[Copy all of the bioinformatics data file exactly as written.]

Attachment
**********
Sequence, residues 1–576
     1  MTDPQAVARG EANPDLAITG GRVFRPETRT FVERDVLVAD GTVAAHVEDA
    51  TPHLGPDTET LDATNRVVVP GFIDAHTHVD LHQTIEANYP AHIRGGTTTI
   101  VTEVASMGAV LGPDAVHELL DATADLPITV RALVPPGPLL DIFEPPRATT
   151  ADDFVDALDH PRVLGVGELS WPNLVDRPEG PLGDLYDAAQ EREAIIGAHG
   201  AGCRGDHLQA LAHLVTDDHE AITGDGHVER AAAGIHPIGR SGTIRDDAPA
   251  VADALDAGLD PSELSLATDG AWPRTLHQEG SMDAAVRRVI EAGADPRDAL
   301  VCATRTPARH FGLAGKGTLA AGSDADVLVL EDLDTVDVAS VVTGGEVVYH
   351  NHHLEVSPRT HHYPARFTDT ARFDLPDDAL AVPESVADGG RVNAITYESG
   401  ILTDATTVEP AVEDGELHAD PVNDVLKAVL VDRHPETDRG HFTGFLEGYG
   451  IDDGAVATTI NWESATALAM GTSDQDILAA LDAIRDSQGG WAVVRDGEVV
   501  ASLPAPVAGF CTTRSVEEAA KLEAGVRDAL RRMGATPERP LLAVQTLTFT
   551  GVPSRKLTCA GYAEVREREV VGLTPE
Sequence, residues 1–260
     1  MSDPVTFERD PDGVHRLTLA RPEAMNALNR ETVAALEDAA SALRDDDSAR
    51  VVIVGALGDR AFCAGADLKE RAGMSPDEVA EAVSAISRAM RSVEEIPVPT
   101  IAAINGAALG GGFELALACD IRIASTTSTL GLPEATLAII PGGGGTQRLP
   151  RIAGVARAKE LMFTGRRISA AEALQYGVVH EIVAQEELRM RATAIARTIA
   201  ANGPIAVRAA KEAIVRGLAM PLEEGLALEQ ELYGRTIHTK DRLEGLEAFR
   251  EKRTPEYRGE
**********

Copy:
Sequence, residues 1–576
     1  MTDPQAVARG EANPDLAITG GRVFRPETRT FVERDVLVAD GTVAAHVEDA
    51  TPHLGPDTET LDATNRVVVP GFIDAHTHVD LHQTIEANYP AHIRGGTTTI
   101  VTEVASMGAV LGPDAVHELL DATADLPITV RALVPPGPLL DIFEPPRATT
   151  ADDFVDALDH PRVLGVGELS WPNLVDRPEG PLGDLYDAAQ EREAIIGAHG
   201  AGCRGDHLQA LAHLVTDDHE AITGDGHVER AAAGIHPIGR SGTIRDDAPA
   251  VADALDAGLD PSELSLATDG AWPRTLHQEG SMDAAVRRVI EAGADPRDAL
   301  VCATRTPARH FGLAGKGTLA AGSDADVLVL EDLDTVDVAS VVTGGEVVYH
   351  NHHLEVSPRT HHYPARFTDT ARFDLPDDAL AVPESVADGG RVNAITYESG
   401  ILTDATTVEP AVEDGELHAD PVNDVLKAVL VDRHPETDRG HFTGFLEGYG
   451  IDDGAVATTI NWESATALAM GTSDQDILAA LDAIRDSQGG WAVVRDGEVV
   501  ASLPAPVAGF CTTRSVEEAA KLEAGVRDAL RRMGATPERP LLAVQTLTFT
   551  GVPSRKLTCA GYAEVREREV VGLTPE
Sequence, residues 1–260
     1  MSDPVTFERD PDGVHRLTLA RPEAMNALNR ETVAALEDAA SALRDDDSAR
    51  VVIVGALGDR AFCAGADLKE RAGMSPDEVA EAVSAISRAM RSVEEIPVPT
   101  IAAINGAALG GGFELALACD IRIASTTSTL GLPEATLAII PGGGGTQRLP
   151  RIAGVARAKE LMFTGRRISA AEALQYGVVH EIVAQEELRM RATAIARTIA
   201  ANGPIAVRAA KEAIVRGLAM PLEEGLALEQ ELYGRTIHTK DRLEGLEAFR
   251  EKRTPEYRGE